The old man sighed.
‘Oh, all right,’ said Meggie. ‘I’ll try.’
Every letter, she thought, every single letter matters! Let the words echo, ring out, whisper and rustle and roll like thunder. Then she began to read.
At the third sentence the tin soldier sat bolt upright. Meggie saw him out of the corner of her eye. For a moment she almost lost the thread of the story, stumbled over a word and re-read it. After that she dared not look at the little soldier again – until Fenoglio put his hand on her arm.
‘He’s gone!’ he breathed. ‘Meggie, he’s gone!’
He was right. The bed was empty.
Fenoglio squeezed her arm so hard that it hurt. ‘You truly are a little enchantress!’ he whispered. ‘And I didn’t do so badly myself, did I? No, definitely not.’ He looked with some awe at his ink-stained fingers. Then he clapped his hands and danced round the cramped room like an old bear. When he finally stopped beside Meggie’s bed again he was rather breathless. ‘You and I are about to prepare a most unpleasant surprise for Capricorn!’ he whispered, a smile lurking in every one of his wrinkles. ‘I’ll set to work at once! Oh yes, he’ll get what he wants: you’ll read the Shadow out of the book for him. But his old friend will be slightly changed! I guarantee that! I, Fenoglio, master of words, enchanter in ink, sorcerer on paper. I made Capricorn and I shall destroy him as if he’d never existed – which I have to admit would have been better! Poor Capricorn! He’ll be no better off than the magician who conjured up a flower maiden for his nephew. Do you know that story?’
Meggie was staring at the place where the tin soldier had been. She missed him. ‘No,’ she muttered. ‘What flower maiden?’
‘It’s a very old story. I’ll tell you the short version. The long one is better, but it will soon be light. Well – there was once a magician called Gwydyon who had a nephew. He loved his nephew better than anything in the world, but his mother had put a curse on the young man.’
‘It would take too long to tell that part now. Anyway, she cursed him. If he ever touched a woman he would die. This broke the magician’s heart – must his favourite nephew be condemned to being sad and lonely for ever? No. Was he not a magician? So he shut himself up in the chamber where he worked magic for three days and three nights and made a woman out of flowers – the flowers of oak and broom and meadowsweet, to be precise. There was never a more beautiful woman in the world, and Gwydyon’s nephew fell in love with her at first sight. But Blodeuedd, for that was her name, was his undoing. She fell in love with another man, and the two of them killed the magician’s nephew.’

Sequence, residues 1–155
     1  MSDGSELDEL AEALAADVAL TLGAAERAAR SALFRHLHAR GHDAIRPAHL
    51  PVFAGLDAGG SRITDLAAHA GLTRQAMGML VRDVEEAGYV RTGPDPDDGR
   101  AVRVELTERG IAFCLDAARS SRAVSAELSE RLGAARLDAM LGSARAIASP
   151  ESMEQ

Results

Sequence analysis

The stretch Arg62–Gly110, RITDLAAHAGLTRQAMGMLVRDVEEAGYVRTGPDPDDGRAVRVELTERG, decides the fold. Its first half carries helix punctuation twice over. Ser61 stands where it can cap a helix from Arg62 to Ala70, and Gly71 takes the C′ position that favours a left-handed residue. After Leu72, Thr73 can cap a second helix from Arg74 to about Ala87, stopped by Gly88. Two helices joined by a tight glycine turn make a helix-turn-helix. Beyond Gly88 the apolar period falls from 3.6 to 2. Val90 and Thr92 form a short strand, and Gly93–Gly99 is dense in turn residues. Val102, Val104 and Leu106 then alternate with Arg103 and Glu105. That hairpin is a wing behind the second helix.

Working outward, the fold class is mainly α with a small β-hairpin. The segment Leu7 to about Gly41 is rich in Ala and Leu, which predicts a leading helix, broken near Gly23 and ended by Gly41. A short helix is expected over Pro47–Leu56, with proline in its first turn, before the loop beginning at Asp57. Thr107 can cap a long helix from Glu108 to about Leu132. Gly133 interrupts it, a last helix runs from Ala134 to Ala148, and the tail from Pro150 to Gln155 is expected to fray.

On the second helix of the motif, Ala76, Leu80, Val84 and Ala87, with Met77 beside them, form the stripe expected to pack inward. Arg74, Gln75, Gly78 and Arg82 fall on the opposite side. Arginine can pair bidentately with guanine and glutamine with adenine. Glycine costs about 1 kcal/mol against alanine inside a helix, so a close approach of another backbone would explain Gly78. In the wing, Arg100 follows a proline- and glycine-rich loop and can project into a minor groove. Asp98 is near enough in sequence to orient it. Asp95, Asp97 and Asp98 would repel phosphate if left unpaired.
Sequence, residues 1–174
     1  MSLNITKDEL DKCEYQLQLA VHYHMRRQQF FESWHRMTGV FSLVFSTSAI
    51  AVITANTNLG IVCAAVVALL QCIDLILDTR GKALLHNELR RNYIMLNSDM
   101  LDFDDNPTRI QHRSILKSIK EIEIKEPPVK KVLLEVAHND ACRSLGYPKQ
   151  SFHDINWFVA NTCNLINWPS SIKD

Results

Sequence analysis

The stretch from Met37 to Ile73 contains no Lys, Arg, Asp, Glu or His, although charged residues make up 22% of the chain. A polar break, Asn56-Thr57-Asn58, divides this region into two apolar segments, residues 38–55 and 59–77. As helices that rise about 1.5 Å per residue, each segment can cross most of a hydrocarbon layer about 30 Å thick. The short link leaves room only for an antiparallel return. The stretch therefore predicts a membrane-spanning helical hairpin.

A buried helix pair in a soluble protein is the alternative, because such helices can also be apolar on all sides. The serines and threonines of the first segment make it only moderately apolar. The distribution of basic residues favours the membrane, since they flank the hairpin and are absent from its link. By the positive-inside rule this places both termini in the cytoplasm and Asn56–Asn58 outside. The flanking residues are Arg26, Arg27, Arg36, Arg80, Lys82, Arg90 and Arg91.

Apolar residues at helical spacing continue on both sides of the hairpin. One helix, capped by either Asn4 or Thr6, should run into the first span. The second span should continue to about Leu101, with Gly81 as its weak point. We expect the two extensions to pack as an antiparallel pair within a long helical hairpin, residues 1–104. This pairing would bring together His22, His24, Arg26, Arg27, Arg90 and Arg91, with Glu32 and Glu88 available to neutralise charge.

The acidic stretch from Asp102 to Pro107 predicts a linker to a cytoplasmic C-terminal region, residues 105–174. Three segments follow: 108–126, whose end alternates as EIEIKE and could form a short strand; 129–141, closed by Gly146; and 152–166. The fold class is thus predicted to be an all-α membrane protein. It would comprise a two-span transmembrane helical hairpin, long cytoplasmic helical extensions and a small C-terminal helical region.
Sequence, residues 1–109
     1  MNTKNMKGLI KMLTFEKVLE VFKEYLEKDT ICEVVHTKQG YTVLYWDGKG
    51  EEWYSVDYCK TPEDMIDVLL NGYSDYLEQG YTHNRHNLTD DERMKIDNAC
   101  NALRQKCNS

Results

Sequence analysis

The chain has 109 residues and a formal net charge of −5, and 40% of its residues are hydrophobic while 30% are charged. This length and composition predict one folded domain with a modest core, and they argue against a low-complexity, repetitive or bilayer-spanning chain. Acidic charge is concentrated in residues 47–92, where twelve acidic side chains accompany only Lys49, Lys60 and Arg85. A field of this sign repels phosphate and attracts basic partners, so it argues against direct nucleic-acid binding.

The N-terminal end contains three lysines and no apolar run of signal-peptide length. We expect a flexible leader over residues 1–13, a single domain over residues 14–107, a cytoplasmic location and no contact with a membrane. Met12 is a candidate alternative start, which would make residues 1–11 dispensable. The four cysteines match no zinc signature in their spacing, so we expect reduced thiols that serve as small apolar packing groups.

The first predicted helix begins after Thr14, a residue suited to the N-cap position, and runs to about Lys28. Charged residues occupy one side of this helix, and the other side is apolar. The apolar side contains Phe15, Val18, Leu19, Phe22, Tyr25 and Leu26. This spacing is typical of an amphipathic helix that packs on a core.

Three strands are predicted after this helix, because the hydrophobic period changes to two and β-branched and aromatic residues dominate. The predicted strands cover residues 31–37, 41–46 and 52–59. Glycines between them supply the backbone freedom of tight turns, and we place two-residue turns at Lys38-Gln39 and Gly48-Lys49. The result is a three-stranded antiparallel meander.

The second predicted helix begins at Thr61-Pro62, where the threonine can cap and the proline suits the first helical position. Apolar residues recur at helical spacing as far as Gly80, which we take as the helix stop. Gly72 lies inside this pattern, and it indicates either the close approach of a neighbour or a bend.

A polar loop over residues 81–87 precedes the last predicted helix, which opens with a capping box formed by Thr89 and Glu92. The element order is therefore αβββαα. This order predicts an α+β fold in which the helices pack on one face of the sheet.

‘Blodeuedd!’ Meggie savoured the name like an exotic fruit. ‘How sad. What happened to her? Did the magician kill her too as a punishment?’
‘No. Gwydyon turned her into an owl, and to this day all owls sound like a weeping woman.’
‘That’s beautiful! Sad and beautiful,’ murmured Meggie. Why were sad stories often so beautiful? It was different in real life. ‘Right, so now I know the story of the flower maiden,’ she said. ‘But what does it have to do with Capricorn?’
‘The point is that Blodeuedd didn’t do what was expected of her. And that’s our own plan: your voice and my words, beautiful, brand-new words, will see to it that Capricorn’s Shadow does not do what’s expected of him!’ Fenoglio looked as pleased as a tortoise who has found a fresh lettuce leaf somewhere entirely unexpected.
‘Then what exactly is he to do?’